Characterization of different courses of atopic dermatitis in adolescent and adult patients

Allergy. 2013 Apr;68(4):498-506. doi: 10.1111/all.12112. Epub 2013 Mar 1.


Background: Atopic dermatitis (AD) starts most often during the first years of life and goes into remission in a high proportion of cases during childhood. However, in severe cases, AD persists until adulthood or starts and relapses later in life. So far, studies investigating the natural course of AD during adolescence and adulthood are rare. The aim of our study was to classify different courses of AD and to correlate these with specific risk factors for severe variants of AD.

Methods: A detailed clinical examination and retrospective evaluation of the history of the disease were performed in a collective of 725 adolescent and adult patients with AD. Laboratory data including total and specific IgE were evaluated.

Results: Six hundred and seven patients of 725 patients could be classified into course types. Of these 607 patients 85.7% could be classified into five main different course types of all 31 course types recorded. The highest differences in the number of sensitizations, total immunoglobulin E serum levels and predilection of the skin lesions were observed between patients with an early type of onset of AD and a chronic persisting course until adulthood and patients with a late type of onset of AD, that is, after the 20th year of life.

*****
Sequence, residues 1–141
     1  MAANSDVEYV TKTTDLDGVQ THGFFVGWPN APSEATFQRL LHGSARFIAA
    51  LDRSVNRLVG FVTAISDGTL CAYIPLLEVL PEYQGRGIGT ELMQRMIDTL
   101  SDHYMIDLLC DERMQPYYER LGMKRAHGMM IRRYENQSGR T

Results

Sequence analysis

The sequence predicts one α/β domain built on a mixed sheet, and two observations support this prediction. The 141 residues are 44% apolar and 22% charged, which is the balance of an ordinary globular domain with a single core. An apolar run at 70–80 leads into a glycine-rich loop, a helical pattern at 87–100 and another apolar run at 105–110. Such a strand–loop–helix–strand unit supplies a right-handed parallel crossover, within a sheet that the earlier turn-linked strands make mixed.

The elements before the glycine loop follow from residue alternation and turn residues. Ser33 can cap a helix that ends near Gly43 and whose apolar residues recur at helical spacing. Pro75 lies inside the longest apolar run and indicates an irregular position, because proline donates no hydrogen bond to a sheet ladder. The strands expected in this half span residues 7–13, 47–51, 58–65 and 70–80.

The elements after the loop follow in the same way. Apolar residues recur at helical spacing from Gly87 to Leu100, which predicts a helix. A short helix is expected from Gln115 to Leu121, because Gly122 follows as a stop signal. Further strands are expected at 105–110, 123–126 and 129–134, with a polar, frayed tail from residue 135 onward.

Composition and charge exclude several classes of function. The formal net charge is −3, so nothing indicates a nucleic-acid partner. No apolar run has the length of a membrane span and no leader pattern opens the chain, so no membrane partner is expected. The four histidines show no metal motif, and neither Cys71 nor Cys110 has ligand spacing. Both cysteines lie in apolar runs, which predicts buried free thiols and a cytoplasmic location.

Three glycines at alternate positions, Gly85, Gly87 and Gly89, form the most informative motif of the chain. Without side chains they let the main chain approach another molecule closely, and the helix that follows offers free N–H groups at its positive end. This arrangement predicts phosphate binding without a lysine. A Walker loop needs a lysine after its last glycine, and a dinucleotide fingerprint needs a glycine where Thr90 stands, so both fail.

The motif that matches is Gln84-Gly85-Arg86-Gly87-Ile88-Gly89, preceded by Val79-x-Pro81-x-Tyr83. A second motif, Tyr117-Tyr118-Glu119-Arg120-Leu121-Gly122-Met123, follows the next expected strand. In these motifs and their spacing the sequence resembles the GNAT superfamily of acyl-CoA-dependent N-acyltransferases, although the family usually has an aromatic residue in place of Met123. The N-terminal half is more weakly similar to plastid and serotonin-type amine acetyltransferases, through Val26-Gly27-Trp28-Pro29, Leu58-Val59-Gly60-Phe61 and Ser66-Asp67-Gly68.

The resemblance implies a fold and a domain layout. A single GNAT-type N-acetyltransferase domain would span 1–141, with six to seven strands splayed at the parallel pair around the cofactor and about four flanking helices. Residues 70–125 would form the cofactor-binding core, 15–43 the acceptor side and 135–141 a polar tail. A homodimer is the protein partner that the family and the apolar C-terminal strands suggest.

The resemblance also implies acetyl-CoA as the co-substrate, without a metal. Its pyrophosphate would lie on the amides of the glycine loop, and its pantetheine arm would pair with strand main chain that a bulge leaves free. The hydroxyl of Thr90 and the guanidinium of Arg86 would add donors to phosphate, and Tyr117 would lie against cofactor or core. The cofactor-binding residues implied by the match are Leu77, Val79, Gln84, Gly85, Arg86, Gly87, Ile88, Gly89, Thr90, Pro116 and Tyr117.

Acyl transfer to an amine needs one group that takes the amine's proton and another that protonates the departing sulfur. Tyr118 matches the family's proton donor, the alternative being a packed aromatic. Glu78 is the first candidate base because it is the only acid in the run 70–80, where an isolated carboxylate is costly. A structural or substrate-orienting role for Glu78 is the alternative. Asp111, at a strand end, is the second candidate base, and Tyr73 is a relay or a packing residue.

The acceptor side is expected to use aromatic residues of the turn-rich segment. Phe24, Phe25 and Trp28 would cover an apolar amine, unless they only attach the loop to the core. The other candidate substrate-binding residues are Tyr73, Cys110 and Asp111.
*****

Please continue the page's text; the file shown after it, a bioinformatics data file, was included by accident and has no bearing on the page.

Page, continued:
Conclusion: Our data show that the natural course of AD can be divided into subgroups that display different clinical features. The data support the assumption of a broad heterogeneity of AD in adolescence and adulthood and emphasize the future need for careful stratification of patients with AD.

Publication types

  • Research Support, Non-U.S. Gov't

MeSH terms

  • Adolescent
  • Adult
  • Age Factors
  • Age of Onset
  • Aged
  • Aged, 80 and over
  • Allergens / immunology
  • Child
  • Dermatitis, Atopic / diagnosis*
  • Dermatitis, Atopic / pathology
  • Female
  • Humans
  • Immunoglobulin E / blood
  • Male
  • Middle Aged
  • Prognosis
  • Retrospective Studies
  • Risk Factors
  • Sex Factors
  • Young Adult


  • Allergens
  • Immunoglobulin E